Pagenaud To Hit Bricks As Man Of The Moment

| Senior Writer, RacinToday.com Friday, May 13 2016
Simon Pagenuad has arrived at Indianapolis Motor Speedway as the driver to beat. (Photos courtesy of INDYCAR)

Simon Pagenuad has arrived at Indianapolis Motor Speedway as the driver to beat. (Photos courtesy of INDYCAR)

By John Sturbin | Senior Writer

He is the hottest Team Penske driver not named Helio Castroneves, Juan Pablo Montoya or Will Power. Meet Simon Pagenaud, who is channeling his beliefs in meditation and Ayrton Senna and his unassuming self into what could become a career-defining Month of May at Indianapolis Motor Speedway.

bugindycarPagenaud has fashioned a 48-point lead in the driver standings over four-time/reigning Verizon IndyCar Series champion Scott Dixon heading into Saturday’s third annual Angie’s List Grand Prix of Indianapolis, a prelude to the historic 100th running of the Indianapolis 500 on May 29.

A pole, a pair of second-place finishes and consecutive victories on the Streets of Long Beach and at Barber Motorsports Park in Birmingham, Ala., have stamped Pagenaud _ winless during his debut 2015 season with Roger Penske’s juggernaut _ as a bona fide championship favorite.

“It’s just good. I mean, I’m confident,” Pagenaud said during a recent aero test at Texas Motor Speedway in Fort Worth. “Most importantly I feel like I’m driving really well. I’ve gained a lot of confidence throughout the four races. I know my team is fully behind me, I know everybody supports me. So I have a lot of confidence. I’m relaxed, which is a big strength. When I’m relaxed and confident I can do things I wouldn’t usually do. I’m so riding on that wave.

“Obviously, it’s a long month. It’s two different races, the Indy Grand Prix _ that’s one of my strong suits (he won the inaugural in 2014) so I think we’ll be competitive. The Indy 500 we were very good last year but the cars have changed so we’re going to have a lot of work to do during the two weeks to get ready. But I think we’ll be in good shape. I’m not really thinking about results; I’m just trying to work, study and be disciplined. I think it will pay off.”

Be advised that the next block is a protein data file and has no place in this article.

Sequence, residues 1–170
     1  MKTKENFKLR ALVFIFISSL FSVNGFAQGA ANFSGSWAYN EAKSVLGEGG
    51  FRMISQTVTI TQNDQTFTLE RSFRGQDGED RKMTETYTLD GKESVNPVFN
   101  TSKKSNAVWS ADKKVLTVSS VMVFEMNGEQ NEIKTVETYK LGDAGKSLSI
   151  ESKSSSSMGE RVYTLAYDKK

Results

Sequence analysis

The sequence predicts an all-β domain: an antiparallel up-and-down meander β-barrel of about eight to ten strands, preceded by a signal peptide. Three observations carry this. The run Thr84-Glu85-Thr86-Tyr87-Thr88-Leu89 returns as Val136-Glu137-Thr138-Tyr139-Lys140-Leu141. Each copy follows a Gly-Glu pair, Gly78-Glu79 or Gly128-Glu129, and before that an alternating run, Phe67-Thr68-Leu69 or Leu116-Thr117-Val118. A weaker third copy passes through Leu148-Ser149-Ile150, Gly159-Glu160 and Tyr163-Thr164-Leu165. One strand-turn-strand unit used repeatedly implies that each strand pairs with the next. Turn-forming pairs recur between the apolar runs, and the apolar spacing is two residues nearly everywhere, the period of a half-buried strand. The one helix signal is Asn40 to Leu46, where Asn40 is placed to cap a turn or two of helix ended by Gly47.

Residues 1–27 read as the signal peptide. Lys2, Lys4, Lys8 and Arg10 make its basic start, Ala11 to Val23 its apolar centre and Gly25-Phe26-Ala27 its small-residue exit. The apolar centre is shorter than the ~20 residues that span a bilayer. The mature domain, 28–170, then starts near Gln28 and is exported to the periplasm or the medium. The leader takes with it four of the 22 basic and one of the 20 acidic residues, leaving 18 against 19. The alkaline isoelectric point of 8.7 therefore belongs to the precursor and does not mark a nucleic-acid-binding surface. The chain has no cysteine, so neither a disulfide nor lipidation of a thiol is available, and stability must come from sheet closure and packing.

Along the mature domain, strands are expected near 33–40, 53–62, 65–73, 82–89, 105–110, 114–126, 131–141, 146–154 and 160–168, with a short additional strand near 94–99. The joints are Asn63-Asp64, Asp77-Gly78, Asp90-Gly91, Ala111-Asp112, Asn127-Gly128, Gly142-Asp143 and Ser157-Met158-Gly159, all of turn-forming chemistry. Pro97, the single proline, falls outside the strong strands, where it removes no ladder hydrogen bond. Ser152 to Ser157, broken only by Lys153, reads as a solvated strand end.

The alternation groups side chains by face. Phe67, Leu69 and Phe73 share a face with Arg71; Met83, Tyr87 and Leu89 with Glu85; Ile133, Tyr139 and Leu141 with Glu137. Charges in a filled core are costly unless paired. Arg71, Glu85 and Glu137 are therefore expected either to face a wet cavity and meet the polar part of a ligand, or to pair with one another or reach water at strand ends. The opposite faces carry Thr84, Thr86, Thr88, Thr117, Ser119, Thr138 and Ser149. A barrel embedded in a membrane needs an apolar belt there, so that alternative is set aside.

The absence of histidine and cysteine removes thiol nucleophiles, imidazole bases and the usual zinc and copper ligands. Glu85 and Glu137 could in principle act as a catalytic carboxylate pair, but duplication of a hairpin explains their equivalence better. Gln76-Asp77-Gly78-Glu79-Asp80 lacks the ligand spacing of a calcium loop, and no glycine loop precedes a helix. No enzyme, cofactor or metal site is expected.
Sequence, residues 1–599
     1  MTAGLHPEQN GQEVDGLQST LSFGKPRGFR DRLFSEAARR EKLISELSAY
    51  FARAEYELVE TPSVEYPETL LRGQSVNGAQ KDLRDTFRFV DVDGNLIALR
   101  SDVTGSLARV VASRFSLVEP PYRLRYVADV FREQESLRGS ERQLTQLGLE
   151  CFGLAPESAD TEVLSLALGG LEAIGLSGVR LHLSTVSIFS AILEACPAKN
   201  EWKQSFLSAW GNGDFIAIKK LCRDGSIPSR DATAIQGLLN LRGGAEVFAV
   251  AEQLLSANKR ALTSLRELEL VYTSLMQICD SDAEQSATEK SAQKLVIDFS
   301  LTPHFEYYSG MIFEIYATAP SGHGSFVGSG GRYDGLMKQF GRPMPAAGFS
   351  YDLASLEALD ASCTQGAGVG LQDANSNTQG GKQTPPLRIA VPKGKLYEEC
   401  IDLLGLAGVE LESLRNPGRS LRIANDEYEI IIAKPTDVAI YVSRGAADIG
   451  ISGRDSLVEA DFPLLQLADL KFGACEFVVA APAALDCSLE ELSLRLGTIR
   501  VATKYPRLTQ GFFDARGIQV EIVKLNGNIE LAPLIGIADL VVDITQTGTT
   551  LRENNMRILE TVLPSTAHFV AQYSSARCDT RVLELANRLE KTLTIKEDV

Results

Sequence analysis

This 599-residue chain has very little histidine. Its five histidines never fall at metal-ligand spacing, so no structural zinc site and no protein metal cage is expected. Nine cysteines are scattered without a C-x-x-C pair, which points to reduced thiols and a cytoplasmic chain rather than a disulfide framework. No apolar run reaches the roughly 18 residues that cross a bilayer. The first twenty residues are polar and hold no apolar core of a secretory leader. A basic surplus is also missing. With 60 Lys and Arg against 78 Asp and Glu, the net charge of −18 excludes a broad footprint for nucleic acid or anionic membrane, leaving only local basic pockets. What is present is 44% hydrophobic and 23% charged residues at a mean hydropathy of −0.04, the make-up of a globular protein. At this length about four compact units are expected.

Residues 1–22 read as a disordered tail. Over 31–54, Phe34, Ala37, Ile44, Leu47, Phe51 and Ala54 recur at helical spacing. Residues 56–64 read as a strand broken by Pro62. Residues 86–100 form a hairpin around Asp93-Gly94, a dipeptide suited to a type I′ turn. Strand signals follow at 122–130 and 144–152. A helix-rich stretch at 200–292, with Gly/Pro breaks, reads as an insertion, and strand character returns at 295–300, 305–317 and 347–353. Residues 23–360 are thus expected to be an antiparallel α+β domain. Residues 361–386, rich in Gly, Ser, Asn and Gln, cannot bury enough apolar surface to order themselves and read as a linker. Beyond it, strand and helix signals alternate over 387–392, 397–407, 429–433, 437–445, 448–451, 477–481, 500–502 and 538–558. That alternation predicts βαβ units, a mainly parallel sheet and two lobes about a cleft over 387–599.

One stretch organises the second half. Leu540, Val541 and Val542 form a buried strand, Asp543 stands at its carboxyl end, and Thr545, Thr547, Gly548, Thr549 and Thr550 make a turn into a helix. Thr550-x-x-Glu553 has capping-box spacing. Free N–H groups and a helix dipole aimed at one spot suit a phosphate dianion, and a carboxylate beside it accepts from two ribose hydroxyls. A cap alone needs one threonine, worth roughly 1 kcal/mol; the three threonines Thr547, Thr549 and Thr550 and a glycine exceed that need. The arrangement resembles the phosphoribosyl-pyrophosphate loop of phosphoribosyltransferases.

Dixon, of arch-rival Target Chip Ganassi Racing, closed-out Thursday’s second practice around IMS’ 2.439-mile/14-turn road-course in a flurry to serve notice the track record may be in jeopardy this

Team Penske driver Simon Pagenaud is hoping milk will replace wine as his drink of choice this month.

Team Penske driver Simon Pagenaud is hoping milk will replace wine as his drink of choice this month.

weekend. Dixon topped the speed chart with a lap of 1 minute, 9.8281-seconds at 125.743 mph in his No. 9 Target Chip Ganassi Racing Chevrolet. That lap eclipsed the top circuit set by defending pole and race-winner Power during the morning session _ 1:09.8943-seconds at 125.624 mph _ in the No. 12 Verizon Team Penske Chevrolet.

Power holds the track record, established last year in the Firestone Fast Six segment of qualifying, at 1:09.4886-seconds at 126.357 mph.

Pagenaud was third on Thursday’s combined speed chart with a lap of 1:09.9894-seconds at 125.453 mph in his No. 22 Menards Team Penske Chevrolet. Pagenaud’s lap edged Graham Rahal by a scant 0.0002-seconds, with the second-generation American star fourth at 1:09.9896-seconds (also 125.453 mph) in the No. 15 Steak ‘n Shake Honda.

Power and Pagenaud are the only drivers to qualify in the top-five in both previous Angie’s List races. A third practice session is scheduled for 11-11:45 a.m. (ET) Friday prior to knockout qualifying beginning at 3 p.m. (ET) leading into the Firestone Fast Six and the Verizon P1 Award. Both sessions will be streamed live at RaceControl.IndyCar.com.

The 82-lap race, fifth event on the 2016 schedule, will start at 3:50 p.m. (ET) Saturday. Coverage begins at 3:30 p.m. on ABC and the Advance Auto Parts INDYCAR Radio Network.